Re: A tiny amount of money( was: re: Slashdot and Newsforge)

From: Douglas W. Jones <jones_at_cs_dot_uiowa_dot_edu>
Date: Sun Mar 12 2006 - 11:09:44 CST

On Mar 12, 2006, at 9:55 AM, Teresa Hommel wrote:
>
> Myself, I tried some accessibility devices and couldn't get them to
> work. The guy next to me in a wheelchair laughed and said, "Yeah but
> if you use them all day, you get good at it." He had no trouble with
> the same devices.

I have heard this before, but I am extraordinarily suspicious of this
argument.

Is assistive technology only for the benefit of the "experienced
handicapped?"

I think not. In the case of assistive devices for the blind,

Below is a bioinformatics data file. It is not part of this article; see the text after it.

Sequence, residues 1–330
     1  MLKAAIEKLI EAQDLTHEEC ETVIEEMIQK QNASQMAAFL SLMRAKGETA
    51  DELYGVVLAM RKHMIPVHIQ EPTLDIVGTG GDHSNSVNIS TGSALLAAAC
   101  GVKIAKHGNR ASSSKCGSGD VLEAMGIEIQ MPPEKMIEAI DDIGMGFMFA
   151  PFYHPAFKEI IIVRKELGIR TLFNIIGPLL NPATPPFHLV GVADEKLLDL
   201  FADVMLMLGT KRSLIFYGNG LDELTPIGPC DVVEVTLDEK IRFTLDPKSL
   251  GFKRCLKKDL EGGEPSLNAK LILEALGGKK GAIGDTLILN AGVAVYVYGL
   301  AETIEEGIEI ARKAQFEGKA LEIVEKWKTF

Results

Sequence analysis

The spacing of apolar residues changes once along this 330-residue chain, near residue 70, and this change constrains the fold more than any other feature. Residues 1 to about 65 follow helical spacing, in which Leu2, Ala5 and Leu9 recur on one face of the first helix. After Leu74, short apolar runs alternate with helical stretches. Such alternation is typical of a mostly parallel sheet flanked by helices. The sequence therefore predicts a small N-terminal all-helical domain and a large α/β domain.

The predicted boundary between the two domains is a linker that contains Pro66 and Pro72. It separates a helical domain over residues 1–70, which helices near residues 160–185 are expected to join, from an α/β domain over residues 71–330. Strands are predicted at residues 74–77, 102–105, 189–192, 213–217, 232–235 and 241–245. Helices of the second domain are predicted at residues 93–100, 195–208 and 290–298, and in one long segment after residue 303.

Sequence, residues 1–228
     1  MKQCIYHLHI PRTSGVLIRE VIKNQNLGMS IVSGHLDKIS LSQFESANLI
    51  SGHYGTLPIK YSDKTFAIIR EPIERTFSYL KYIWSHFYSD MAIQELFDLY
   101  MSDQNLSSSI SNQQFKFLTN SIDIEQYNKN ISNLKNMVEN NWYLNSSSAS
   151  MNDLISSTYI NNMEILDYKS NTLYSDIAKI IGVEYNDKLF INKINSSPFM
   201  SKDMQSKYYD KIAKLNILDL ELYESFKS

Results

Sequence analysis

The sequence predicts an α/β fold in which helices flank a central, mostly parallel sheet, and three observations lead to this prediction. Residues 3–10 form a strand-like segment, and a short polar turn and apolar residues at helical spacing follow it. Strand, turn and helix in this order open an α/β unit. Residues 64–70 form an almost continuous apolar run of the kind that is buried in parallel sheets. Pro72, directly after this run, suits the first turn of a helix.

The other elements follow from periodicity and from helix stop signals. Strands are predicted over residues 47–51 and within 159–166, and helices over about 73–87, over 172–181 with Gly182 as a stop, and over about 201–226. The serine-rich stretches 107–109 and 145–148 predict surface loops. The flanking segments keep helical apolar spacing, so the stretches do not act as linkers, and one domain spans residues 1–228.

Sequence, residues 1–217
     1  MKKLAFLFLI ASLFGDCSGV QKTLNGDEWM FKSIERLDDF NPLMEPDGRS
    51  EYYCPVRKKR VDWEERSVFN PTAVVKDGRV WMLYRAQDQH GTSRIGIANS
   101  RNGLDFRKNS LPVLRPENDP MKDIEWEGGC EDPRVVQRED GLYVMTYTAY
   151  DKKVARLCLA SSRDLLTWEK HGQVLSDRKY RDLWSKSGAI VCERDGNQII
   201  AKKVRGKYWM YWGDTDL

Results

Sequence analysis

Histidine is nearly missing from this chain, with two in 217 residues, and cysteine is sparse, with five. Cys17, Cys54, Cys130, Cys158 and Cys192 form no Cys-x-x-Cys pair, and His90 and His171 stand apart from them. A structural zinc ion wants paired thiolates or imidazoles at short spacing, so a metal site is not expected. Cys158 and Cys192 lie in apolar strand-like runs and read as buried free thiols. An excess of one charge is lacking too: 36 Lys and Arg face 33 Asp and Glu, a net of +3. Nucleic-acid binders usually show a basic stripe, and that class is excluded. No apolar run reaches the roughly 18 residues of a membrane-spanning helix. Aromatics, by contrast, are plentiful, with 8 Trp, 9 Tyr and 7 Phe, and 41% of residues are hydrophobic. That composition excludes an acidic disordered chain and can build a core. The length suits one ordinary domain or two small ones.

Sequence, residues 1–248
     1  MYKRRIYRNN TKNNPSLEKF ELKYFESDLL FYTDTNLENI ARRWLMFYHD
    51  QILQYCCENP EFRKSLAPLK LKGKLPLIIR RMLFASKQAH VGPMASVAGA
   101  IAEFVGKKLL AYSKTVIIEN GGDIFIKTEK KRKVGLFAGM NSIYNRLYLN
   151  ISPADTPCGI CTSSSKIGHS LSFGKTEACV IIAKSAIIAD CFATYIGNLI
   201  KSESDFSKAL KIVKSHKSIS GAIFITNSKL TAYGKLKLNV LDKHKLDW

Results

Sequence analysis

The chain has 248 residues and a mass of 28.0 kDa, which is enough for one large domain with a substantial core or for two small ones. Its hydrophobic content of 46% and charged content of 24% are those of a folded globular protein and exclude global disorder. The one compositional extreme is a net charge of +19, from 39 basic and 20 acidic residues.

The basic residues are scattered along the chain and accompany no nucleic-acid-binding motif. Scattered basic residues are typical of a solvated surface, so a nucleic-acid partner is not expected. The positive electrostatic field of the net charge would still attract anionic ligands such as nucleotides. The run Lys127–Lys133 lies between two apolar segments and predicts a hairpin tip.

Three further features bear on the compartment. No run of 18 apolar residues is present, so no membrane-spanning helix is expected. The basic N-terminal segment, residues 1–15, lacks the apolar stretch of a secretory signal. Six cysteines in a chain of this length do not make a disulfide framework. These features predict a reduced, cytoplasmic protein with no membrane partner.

particularly,
we have to remember that failing eyesight in old age is a common
problem.
If we just design our assistive technology for those who were born
blind or
were blinded in youth, so that they could develop the expertise that we
all
develop in our youth, we would to a horrible disservice to the elderly.

Consider macular degeneration, a problem my father began to develop in
his
70s. I hope it doesn't wreck his vision (right now, the degenrate
spots in
his two eyes don't overlap), but if it does, he'll be a novice user of
assistive technology in his eighties. He might get good at it -- he's
very good with technology, in general, but many eighty-year-olds aren't.

                Doug Jones
                jones@cs.uiowa.edu

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Received on Fri Mar 31 23:17:03 2006

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